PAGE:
51ZBAk-aIrL._SL250_Next, I read The Woman In Cabin 10 by Ruth Ware. I was worried that I wouldn’t like this book as it has been hyped a lot! It took a little while to get into and was an ok read overall.

“In this tightly wound, enthralling story reminiscent of Agatha Christie’s works, Lo Blacklock, a journalist who writes for a travel magazine, has just been given the assignment of a lifetime: a week on a luxury cruise with only a handful of cabins. The sky is clear, the waters calm, and the veneered, select guests jovial as the exclusive cruise ship, the Aurora, begins her voyage in the picturesque North Sea. At first, Lo’s stay is nothing but pleasant: the cabins are plush, the dinner parties are sparkling, and the guests are elegant. But as the week wears on, frigid winds whip the deck, gray skies fall, and Lo witnesses what she can only describe as a dark and terrifying nightmare: a woman being thrown overboard. The problem? All passengers remain accounted for—and so, the ship sails on as if nothing has happened, despite Lo’s desperate attempts to convey that something (or someone) has gone terribly, terribly wrong…”

I feel like the plot and setting of the book could have been written into something more exciting. There were some surprises and I did worry about the main character, but there were also undeveloped plot points and a lot of auxiliary characters to confuse with one another. At least the ending made sense!


Finally, for my next book group selection, I read Lilac Girls by Martha Hall Kelly. I always say that it is kind of amazing how there are so many books about World War II and there is still so many new things to learn about that awful period in our history. This book is fiction that incorporates real people focusing on the Ravensbrück concentration camp and the Polish political prisoners there.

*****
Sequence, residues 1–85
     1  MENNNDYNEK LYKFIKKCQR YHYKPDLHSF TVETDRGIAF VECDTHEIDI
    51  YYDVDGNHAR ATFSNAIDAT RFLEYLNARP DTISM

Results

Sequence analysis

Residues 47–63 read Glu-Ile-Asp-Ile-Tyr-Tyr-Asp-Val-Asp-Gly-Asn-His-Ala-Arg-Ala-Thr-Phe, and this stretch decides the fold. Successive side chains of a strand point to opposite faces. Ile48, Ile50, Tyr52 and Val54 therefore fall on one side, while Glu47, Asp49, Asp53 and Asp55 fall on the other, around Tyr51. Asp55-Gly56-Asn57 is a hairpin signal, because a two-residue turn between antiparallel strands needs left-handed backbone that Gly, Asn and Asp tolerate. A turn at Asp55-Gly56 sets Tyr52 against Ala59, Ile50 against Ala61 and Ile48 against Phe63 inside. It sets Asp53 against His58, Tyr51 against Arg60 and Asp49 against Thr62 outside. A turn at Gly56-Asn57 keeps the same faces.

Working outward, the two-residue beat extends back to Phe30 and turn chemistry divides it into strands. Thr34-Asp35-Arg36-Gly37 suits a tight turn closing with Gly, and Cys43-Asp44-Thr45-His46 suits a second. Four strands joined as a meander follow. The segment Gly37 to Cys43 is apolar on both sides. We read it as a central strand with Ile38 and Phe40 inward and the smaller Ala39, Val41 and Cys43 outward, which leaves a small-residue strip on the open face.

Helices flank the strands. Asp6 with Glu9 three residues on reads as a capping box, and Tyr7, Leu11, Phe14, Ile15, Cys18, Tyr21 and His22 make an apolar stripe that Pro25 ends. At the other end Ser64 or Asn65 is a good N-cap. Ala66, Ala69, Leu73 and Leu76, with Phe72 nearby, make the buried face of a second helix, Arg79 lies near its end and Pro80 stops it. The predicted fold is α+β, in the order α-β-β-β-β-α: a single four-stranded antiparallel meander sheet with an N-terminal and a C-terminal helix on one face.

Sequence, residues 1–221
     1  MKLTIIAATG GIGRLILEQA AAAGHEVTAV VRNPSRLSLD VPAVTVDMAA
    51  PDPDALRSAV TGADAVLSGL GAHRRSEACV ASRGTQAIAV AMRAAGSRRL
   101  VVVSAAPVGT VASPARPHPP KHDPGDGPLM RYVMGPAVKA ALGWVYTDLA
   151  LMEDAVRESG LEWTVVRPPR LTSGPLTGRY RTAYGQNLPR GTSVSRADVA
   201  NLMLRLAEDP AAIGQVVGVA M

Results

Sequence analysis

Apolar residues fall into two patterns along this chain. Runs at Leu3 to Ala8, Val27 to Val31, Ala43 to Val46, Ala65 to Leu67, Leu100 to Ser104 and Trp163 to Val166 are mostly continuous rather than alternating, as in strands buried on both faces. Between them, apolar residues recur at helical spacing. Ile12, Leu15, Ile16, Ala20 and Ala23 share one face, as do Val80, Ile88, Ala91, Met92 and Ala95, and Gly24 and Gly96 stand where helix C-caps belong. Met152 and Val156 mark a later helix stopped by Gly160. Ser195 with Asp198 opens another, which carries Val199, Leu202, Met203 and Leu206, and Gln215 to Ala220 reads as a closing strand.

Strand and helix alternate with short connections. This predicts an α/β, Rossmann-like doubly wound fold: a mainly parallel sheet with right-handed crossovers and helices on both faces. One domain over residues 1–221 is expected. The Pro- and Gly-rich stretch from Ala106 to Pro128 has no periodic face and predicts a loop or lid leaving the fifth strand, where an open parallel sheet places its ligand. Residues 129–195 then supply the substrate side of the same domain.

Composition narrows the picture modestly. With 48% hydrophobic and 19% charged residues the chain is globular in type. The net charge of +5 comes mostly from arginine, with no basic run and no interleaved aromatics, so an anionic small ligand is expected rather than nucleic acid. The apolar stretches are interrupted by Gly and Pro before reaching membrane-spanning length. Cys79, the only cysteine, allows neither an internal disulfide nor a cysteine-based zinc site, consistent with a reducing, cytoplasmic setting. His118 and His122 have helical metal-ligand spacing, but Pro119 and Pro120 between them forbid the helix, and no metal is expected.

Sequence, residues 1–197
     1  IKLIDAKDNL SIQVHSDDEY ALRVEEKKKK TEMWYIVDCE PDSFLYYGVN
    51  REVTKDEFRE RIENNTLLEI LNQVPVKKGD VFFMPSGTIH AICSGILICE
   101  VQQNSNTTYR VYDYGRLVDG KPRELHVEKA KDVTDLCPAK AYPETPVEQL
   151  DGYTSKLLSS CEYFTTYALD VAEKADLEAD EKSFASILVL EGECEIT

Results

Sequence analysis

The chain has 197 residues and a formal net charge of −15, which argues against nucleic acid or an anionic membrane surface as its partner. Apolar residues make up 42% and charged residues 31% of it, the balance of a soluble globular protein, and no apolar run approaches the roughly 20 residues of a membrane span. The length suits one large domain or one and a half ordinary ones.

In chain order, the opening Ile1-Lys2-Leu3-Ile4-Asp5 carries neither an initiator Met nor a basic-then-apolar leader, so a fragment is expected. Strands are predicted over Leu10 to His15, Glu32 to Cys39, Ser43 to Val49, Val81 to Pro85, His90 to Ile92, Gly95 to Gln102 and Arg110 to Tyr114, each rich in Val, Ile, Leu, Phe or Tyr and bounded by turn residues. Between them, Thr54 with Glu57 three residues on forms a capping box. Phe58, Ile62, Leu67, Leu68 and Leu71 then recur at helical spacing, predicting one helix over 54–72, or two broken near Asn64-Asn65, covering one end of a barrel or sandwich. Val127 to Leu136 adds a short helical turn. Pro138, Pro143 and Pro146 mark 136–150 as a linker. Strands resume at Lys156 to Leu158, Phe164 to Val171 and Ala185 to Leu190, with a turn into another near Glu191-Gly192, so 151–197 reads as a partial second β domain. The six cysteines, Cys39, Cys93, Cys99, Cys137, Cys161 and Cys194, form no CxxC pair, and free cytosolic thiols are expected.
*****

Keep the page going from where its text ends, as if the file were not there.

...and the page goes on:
“New York socialite Caroline Ferriday has her hands full with her post at the French consulate and a new love on the horizon. But Caroline’s world is forever changed when Hitler’s army invades Poland in September 1939—and then sets its sights on France. An ocean away from Caroline, Kasia Kuzmerick, a Polish teenager, senses her carefree youth disappearing as she is drawn deeper into her role as courier for the underground resistance movement. In a tense atmosphere of watchful eyes and suspecting neighbors, one false move can have dire consequences. For the ambitious young German doctor, Herta Oberheuser, an ad for a government medical position seems her ticket out of a desolate life. Once hired, though, she finds herself trapped in a male-dominated realm of Nazi secrets and power. The lives of these three women are set on a collision course when the unthinkable happens and Kasia is sent to Ravensbrück, the notorious Nazi concentration camp for women. Their stories cross continents—from New York to Paris, Germany, and Poland—as Caroline and Kasia strive to bring justice to those whom history has forgotten.”

This book also took me awhile to get into and it was quite long overall. It also took quite awhile to reveal why the title of the book is Lilac Girls and how the character of Caroline connects to the other two. The book is told from the point of view of three women. Caroline is the one who is the hardest to get to know, and her activism could have been described further. Kasia is a fictional character based on the lives of political prisoners who were subjects of medical experimentation. Herta is a doctor who is at first appalled by the job she was hired for at Ravensbrück, but then is the one who operates on the prisoners. I especially liked the ending of the book which shows the way that Kasia’s anger from her experience effected the rest of her life and how she might move on from that. I also appreciate learning more about people who lived during World War II about whom I had not previously known.

What have you been reading lately?